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SXSW 2020: “We Don’t Deserve Dogs” Film Review

Besides being a universal truth, “We Don’t Deserve Dogs” is also a new documentary that was going to be showing at this year’s SXSW Film Festival. Alas, COVID-19 has taken over our world now, and Mayor Steve Adler (as well as other Austin officials) knew enough to cancel Austin’s largest annual festival just a week or so before it was set to begin. But that would never stop me from watching and reviewing a whole film about how great dogs are!

We Don't Deserve Dogs
An animal rescue volunteer with her foster dog in “We Don’t Deserve Dogs”

There isn’t much structure to this documentary (or, as I like to call it, dog-umentary). It pretty much just features clips from multiple countries, running a few minutes each, as the human subjects reveal what their dogs mean to them. This isn’t a bad thing, as it’s not trying to tell a narrative or present a particular point of view like other documentary features do; it’s simply showing us slices of life around the world — and where dogs fit into those lives.

Matthew Salleh and Rose Tucker made this feature together; they are both a married couple and two-person film crew. Salleh handles the direction and cinematography, while Tucker produces and takes charge of the audio recording. They clearly work well together, as no part of the production feels disjointed or halfway done. It’s impressive how many varying angles they found around the world that still come to the same universal conclusion, which also happens to be the title of the film.

The subjects are from such a variety of places around the world: Chile, Uganda, Pakistan, Italy, Vietnam, UK, Finland, Turkey, Nepal and more. The human cultures in these countries are so different, from religion to global socioeconomic status, but one thing does unite them: dogs. And that’s sort of all this film needed to do to present its message. There are no title cards, no labeling of countries or interviewees. There is plenty of dog footage, and anyone interested in this movie is probably satisfied with that alone.

Now, there is one area of the documentary that may be unexpected, and I’d like to warn viewers about it, not so that they can avoid the film, but so that they’re prepared. The main dog we get to see in Vietnam is a French bulldog named Gnocchi, and his owner is clearly fond of him. But the filmmakers also interview a butcher there who prepares and sells dog meat, along with goat and pork. Even as a vegetarian, I am in no way condemning the practices of other countries or cultures, and I think they should do what works for them. What I am saying is that it’s a sort of sensitive topic in the U.S.; I want viewers who think this will be 100% puppies and smiles to know that it isn’t (but it is about 95% puppies and smiles).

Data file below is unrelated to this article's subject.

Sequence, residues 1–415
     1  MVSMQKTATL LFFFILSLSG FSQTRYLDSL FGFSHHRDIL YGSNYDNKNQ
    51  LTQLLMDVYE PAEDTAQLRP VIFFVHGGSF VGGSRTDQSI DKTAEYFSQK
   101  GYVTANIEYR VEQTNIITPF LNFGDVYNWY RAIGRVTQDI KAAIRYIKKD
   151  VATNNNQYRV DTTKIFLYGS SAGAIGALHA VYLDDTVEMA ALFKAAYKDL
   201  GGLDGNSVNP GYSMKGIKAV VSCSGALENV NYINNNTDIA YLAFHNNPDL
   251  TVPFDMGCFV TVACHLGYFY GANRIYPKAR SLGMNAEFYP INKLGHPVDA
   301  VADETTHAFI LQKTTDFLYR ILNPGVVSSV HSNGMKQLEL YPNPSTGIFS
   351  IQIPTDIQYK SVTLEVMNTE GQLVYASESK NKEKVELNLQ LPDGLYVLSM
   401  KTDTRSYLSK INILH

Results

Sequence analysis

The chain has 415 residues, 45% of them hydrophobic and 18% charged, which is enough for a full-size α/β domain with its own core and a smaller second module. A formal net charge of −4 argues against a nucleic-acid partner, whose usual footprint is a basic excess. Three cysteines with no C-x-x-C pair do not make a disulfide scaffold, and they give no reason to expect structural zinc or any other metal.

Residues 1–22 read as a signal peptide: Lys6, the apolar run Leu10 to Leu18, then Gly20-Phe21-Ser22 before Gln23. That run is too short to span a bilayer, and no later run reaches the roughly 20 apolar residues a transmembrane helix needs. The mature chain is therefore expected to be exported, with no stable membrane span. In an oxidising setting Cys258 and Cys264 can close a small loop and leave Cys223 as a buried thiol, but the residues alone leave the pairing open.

We Don't Deserve Dogs
A woman in Uganda working as her dog, Lok Oroma, stays by her side in “We Don’t Deserve Dogs”

That said, there are also some disturbing details in the stories of the Ugandans who are interviewed for the documentary. From witnessing horrible acts of violence on family members to learning to defend yourself from harm as a child, these are stories we don’t often hear in the U.S. It makes the contrast of the dogs’ roles even more stark; these people have the dogs as beloved companions and a sense of security, while the dogs are also helping them cope with PTSD. The portion filmed in Uganda is definitely the one that made me cry, and it proves even more how dogs impact us (mostly for the better).

As you may be able to tell, “We Don’t Deserve Dogs” is basically an examination of the definition of unconditional love. It’s a common refrain that dogs offer that to humans, but to see it represented in so many different ways is powerful. In addition to those stories mentioned above see truffle-hunting hounds named Picchio and Vespa in Italy, a pampered pooch named Leia who gets a big birthday bash every year, the celebration of Tihar in Nepal (when even street dogs get special care), a bull terrier being fostered in the UK, a therapy dog named Paavo providing patients with hugs, and many more. All of the languages and customs are very different, but the sameness lies in that relationship that we all have to our canine pals.

I was excited about “We Don’t Deserve Dogs” when I first read about it on the SXSW website. I personally love dogs, and I have two of my own. A whole feature dedicated to celebrating dogs and their special bond to humans was practically tailor-made for me. Luckily, I wasn’t disappointed with Salleh and Tucker’s work. If you, too, are a fan of “man’s best friend,” then I have no doubt this movie will entertain and wow you — subtitles and all.

Find more of our SXSW 2020 coverage here.

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Featured image courtesy of “We Don’t Deserve Dogs”

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